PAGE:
Male nursing student with power? - page 2
I'm new to this site and currently a year and a half away from my BSN. It seems with very few male nursing students we have so much power. In my clinical rotation we have 2 male students work the floor with 8 female students and... Read More
- 0Mar 4, '13 by limaRNPersonally I hate it when people make fun of males for choosing to become nurses and I do not care for the term "murse". A lot of people who do not work in healthcare use it in a derogatory way. I will always stand up for my fellow male nurses and I work with a bunch of them who are excellent nurses.Last edit by AN Admin Team on Mar 5, '13 : Reason: quoted/referred to edited post
- 1Mar 10, '13 by akulahawkI'm a male nursing student. For the most part, I have not felt like I have been too badly singled out because I'm male. I mean that by physicians, residents, med-students, nurses (RN and LVN), and my instructors. What I have learned is that I do have to be somewhat careful and sensitive about my patient's cultural/religious views about having male caregivers. What works for me so far is to really be simply "nosy but nice" and also keeping an eye out for my other classmates. While I had to repeat a course, I took the positive view of things and taking all that knowledge and organizational skill I've picked up along the way, I have managed to stay ahead of the game, thus giving me some time to help people out and be available for those opportunities that come my way.
I've found that being a little assertive and very communicative helps greatly because it very much helps the nurses and my instructors know what I'm thinking. I'd have to say that being very communicative is what's helped ME the most. Another thing that us guys have to be VERY cognizant of is that we don't communicate in the same way that women do. While I'm not saying that we must emulate the women, we must be aware of the difference and be conscious about how we fit in with their group. If we were to emulate their dynamics entirely, we'd end up getting dragged into the world of female interpersonal politics.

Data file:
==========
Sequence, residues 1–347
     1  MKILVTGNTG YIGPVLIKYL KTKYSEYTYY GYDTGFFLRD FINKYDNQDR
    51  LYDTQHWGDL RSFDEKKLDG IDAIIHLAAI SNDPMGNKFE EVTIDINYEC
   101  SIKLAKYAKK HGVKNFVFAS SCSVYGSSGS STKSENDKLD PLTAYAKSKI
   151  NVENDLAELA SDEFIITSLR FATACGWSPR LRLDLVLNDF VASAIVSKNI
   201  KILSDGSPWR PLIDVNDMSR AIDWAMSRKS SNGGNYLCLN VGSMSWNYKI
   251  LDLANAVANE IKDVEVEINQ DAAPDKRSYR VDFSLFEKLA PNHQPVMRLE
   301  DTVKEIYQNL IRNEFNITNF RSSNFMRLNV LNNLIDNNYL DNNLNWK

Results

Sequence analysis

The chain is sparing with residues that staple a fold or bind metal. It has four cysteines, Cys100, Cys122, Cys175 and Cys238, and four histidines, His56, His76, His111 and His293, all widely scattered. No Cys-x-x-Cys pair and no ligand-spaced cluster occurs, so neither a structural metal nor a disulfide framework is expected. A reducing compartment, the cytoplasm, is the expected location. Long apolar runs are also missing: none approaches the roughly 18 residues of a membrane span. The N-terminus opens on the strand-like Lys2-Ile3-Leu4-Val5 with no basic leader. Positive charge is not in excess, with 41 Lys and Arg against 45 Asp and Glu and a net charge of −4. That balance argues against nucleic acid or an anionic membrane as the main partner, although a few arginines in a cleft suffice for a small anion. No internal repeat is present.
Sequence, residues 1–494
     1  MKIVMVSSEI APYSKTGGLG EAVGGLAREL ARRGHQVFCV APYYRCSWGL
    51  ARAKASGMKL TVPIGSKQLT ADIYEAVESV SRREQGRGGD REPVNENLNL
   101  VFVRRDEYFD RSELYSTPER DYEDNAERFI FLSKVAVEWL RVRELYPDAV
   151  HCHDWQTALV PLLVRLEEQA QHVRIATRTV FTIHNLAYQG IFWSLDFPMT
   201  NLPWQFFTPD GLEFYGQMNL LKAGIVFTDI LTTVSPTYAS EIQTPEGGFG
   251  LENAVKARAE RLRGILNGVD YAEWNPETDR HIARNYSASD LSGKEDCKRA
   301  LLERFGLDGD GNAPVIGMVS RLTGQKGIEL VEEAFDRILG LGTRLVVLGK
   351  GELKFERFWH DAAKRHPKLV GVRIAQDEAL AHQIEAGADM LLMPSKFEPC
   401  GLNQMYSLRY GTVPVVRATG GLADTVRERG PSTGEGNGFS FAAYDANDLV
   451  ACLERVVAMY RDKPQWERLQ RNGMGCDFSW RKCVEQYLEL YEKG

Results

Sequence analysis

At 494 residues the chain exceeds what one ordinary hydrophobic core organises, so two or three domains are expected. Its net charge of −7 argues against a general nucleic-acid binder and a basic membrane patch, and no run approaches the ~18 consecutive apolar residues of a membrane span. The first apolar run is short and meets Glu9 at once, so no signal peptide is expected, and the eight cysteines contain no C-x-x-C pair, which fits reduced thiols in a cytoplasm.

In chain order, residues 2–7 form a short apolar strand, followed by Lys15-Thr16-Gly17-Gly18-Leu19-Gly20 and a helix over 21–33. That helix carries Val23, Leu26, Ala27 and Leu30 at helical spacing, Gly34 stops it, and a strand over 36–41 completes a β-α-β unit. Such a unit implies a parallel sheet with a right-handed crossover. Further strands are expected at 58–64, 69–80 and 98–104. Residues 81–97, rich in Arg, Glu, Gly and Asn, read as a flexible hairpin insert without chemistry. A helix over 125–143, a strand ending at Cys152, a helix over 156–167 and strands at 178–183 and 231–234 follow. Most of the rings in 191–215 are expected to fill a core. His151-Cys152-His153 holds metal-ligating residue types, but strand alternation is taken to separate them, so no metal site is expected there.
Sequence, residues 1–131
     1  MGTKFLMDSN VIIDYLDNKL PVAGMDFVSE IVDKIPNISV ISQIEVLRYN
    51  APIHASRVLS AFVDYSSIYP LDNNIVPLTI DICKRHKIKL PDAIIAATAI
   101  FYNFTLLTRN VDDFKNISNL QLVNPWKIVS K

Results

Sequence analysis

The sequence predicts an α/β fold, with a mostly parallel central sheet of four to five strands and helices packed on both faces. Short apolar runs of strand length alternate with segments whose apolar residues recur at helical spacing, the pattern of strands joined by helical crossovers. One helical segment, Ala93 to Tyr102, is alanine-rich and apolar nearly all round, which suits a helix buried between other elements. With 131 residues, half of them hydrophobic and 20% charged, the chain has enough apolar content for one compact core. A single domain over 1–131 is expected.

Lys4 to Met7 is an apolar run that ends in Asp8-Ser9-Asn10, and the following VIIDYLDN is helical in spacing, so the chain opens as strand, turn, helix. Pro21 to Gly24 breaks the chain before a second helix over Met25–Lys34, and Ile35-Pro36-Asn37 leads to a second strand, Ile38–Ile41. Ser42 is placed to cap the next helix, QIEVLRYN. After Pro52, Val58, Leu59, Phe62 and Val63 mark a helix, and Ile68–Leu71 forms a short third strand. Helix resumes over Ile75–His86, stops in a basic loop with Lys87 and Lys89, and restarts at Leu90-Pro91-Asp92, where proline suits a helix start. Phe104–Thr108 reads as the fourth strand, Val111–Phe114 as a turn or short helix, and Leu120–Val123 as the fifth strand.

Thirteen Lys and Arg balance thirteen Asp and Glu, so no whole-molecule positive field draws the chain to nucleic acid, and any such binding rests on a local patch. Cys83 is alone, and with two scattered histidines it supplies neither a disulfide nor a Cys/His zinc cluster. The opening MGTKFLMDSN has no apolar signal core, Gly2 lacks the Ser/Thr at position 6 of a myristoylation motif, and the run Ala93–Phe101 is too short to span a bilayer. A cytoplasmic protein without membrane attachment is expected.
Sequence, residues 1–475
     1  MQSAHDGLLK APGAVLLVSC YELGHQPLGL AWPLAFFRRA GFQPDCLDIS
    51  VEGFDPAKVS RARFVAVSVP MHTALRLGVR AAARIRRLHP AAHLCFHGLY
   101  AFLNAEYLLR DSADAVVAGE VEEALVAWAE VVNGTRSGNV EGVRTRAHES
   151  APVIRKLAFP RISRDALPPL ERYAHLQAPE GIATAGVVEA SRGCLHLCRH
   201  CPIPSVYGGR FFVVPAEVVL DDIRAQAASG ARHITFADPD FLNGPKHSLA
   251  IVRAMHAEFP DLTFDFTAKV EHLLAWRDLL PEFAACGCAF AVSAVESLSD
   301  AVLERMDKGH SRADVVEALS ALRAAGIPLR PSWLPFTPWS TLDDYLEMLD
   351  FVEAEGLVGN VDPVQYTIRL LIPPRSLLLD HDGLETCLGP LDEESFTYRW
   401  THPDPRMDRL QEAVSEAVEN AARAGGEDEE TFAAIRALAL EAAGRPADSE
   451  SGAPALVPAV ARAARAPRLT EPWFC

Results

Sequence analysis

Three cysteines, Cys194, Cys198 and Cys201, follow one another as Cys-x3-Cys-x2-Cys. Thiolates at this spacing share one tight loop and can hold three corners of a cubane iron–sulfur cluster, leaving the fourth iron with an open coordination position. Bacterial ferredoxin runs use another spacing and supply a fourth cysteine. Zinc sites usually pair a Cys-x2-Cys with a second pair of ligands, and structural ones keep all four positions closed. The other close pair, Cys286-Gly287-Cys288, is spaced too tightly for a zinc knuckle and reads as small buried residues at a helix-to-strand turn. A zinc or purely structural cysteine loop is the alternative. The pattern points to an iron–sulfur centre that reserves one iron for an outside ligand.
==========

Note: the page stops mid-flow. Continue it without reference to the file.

Aside from being physically stronger, probably our one male attribute that may help group dynamics is that we don't tend to get into that stuff and in a "mixed" environment, we may even help improve things on the floor, simply with our presence. The same goes with the ladies going into a male-dominated environment.
As to why us guys are talked to more, especially in a nursing environment, there's a lot of studies that do show that we're "favored" all the time. It's doubly so in nursing because we have to be better prepared simply because we are going to be asked lots of questions and have to prove ourselves to be good nurses. It's that same dynamic that happens with the ladies in "our" typical work environments, just in "reverse."
And if you do have your stuff together, you'll get known as a knowledgeable nurse, male or female.
I don't have any illusions about having any "power" as a male. I have some very specific advantages and some very specific disadvantages as a male in nursing. So, that being said, Nurse-On!!!
- 0Apr 3, '13 by justashootercoming into nursing from an engineering background i must say that during clinicals i was among the better educated students both in general, and in terms of the human physiology and nursing/medical practice. my answers were consistently more in depth and complete than most of my fellow students, who were either much younger than me, or were coming out of less challenging careers. that was just the way it was. men typically take on bigger challenges than women, and typically advance in learning and practice due to the willingness to take risk.
yes virginia, men are different from women.
- 0Apr 8, '13 by FuturePsychNPQuote from EterrybeYou'll find that will perpetuate throughout your career. I got that in school, and I get it at work. Even after explaining that I'm a RN people still assume I'm a doctor. Male and female patients, staff, and doctors all for the most part have a sort of unconscious expectation from male nurses.I'm new to this site and currently a year and a half away from my BSN. It seems with very few male nursing students we have so much power. In my clinical rotation we have 2 male students work the floor with 8 female students and everytime a question is to be asked it comes to the guys. If theres multiple people in the room the RN or MD will as me or my buddy not any of the girls every single time. Is it that they dont look trust worthy? I have asked other people throughout their classes and the women are noticing the same things. I don't know if it's just our class and the people that I've talked to or what. Not complaining though because I like being in charge but just seemed odd at first.
That "power" has both rewards and consequences. Use them wisely, grasshopper.